To pass the evolutionary path from amphibians to mammals, animals took many millions of years. In the course of evolution developed and their brain. The existing neural structures were gradually added to a small group of neurons. As a result, the complexity of the brain is gradually increased, “keep up” with the development of limbs and sensory organs.
A “brain” (computer software) Conventional robots are not able to develop. If, for example, a robot limbs add new sensor type, you will need to complete the processing of its software, which is expensive and time-consuming. To make a humanoid robot with human-like behavior, you want to use more and more sensors. It is imperative that the software of the robot itself has grown in complexity – in the same way as it does the brain biological beings.
Engineer AI Christopher McLeod and his colleagues at the University of Robert Gordon (Robert Gordon University) to Aberdeen (Aberdeen), United Kingdom, have created a robot that mimics biological evolution.
The robot is controlled by the neural network: a computer program that mimics the learning process of the brain. The neural network comprises a plurality of interconnected processing nodes, which can be “trained” to perform desired actions.
For example, if you need to maintain a balance, and the robot receives input signals from the sensors, he topples over, the robot will move his limbs in an attempt to keep his balance. Such actions provided limbs controlled importance ( “Weighing”) of the input signal for each node.
Certain combinations of input signals from the force sensor assembly to generate a signal, such as turning on the motor. If the robot stood on their feet, the combination of signals is maintained.
If the robot has fallen, it will make adjustments in their actions and next time try to do something different.
McLeod Group went further and developed an incremental evolutionary algorithm (IEA), capable over time to add a new part in the “brain” of the robot. They started with a simple robot the size of a book with two rotating prosthetic legs, which could turn the engine 180 degrees.
Then they gave the shestineyronnoy robot control system, the original team – for 1000 seconds to move and not to fall as long as possible. To accomplish this task, we installed a computer program, which is to develop the best way to travel. The robot always first to fall, but then he began to move forward and not fall while driving in a straight line. In the end, the robot learned to move like a tadpole.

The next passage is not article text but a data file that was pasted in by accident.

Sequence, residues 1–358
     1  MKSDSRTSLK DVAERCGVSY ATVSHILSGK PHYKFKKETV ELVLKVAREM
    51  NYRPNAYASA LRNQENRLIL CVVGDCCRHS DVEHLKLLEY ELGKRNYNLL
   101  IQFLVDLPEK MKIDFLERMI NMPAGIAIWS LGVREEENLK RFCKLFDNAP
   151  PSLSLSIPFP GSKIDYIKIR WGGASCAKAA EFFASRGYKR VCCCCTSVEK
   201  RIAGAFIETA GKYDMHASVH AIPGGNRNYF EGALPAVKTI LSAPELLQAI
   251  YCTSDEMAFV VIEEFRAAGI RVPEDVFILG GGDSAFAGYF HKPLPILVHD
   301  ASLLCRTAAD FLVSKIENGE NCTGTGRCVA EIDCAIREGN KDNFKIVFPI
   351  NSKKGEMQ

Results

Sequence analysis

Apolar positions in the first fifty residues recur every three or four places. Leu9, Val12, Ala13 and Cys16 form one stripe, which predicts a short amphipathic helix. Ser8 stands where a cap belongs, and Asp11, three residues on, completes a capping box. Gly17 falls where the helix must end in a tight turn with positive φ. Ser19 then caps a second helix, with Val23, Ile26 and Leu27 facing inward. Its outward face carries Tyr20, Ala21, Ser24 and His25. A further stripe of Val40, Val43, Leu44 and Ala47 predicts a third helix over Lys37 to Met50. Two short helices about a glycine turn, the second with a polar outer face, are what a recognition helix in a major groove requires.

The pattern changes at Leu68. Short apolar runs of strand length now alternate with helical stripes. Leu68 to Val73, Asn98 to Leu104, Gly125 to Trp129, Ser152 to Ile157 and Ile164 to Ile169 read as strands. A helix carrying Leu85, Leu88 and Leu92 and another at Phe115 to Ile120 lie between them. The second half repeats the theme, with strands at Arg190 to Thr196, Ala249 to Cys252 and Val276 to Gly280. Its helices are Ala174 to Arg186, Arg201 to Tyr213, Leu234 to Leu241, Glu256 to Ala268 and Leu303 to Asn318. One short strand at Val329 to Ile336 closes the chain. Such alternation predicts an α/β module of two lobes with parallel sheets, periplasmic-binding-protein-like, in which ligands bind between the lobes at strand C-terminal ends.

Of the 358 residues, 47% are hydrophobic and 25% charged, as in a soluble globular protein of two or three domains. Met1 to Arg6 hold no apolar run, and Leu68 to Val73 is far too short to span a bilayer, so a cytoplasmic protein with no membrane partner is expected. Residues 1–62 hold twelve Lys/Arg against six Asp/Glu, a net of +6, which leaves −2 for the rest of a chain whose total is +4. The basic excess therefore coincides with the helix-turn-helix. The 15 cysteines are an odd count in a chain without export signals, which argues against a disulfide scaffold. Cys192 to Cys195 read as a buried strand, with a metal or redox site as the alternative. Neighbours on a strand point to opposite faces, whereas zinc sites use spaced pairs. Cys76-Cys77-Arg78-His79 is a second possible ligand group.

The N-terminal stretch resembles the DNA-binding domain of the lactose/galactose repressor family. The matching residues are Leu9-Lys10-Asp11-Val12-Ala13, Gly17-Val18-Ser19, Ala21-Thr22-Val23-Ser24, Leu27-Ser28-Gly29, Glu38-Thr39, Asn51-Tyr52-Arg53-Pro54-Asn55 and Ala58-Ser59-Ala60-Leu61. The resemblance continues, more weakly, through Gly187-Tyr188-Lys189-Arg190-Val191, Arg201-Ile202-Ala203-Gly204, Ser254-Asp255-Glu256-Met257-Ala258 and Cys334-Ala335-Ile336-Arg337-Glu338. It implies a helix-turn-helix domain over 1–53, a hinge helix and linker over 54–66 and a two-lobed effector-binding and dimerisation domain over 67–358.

When the IEA recognizes that its evolution is no longer increases the robot’s speed, it captures the state of the neural network, depriving it of the opportunity to develop further. This network already knows how to operate the robot-prosthetic legs – and it will continue to do so and on.
If now in the leg prosthetic robot adds “knee” any other, even-paced, the robot would not be able to manage such a modernized foot.
But unlike conventional evolutionary algorithms, an incremental evolutionary algorithm feels his sudden inability to fulfill its primary command. Therefore, when at his feet-prostheses appear “knees”, the program “knows” that she would have to learn to walk again.
To do this, the program automatically connects to their “fresh” neurons to learn how to manage his new legs. In the end, we are developing a robot motion, motion resembling salamander legs.
After starting the command is successful, an incremental evolutionary algorithm captures the state of the second neural network.
If the rear of the robot’s legs to add the program again adds more neurons, and this time the robot develops motion gallop. When a robot equipped with a camera, he has learned to go to the light or to avoid light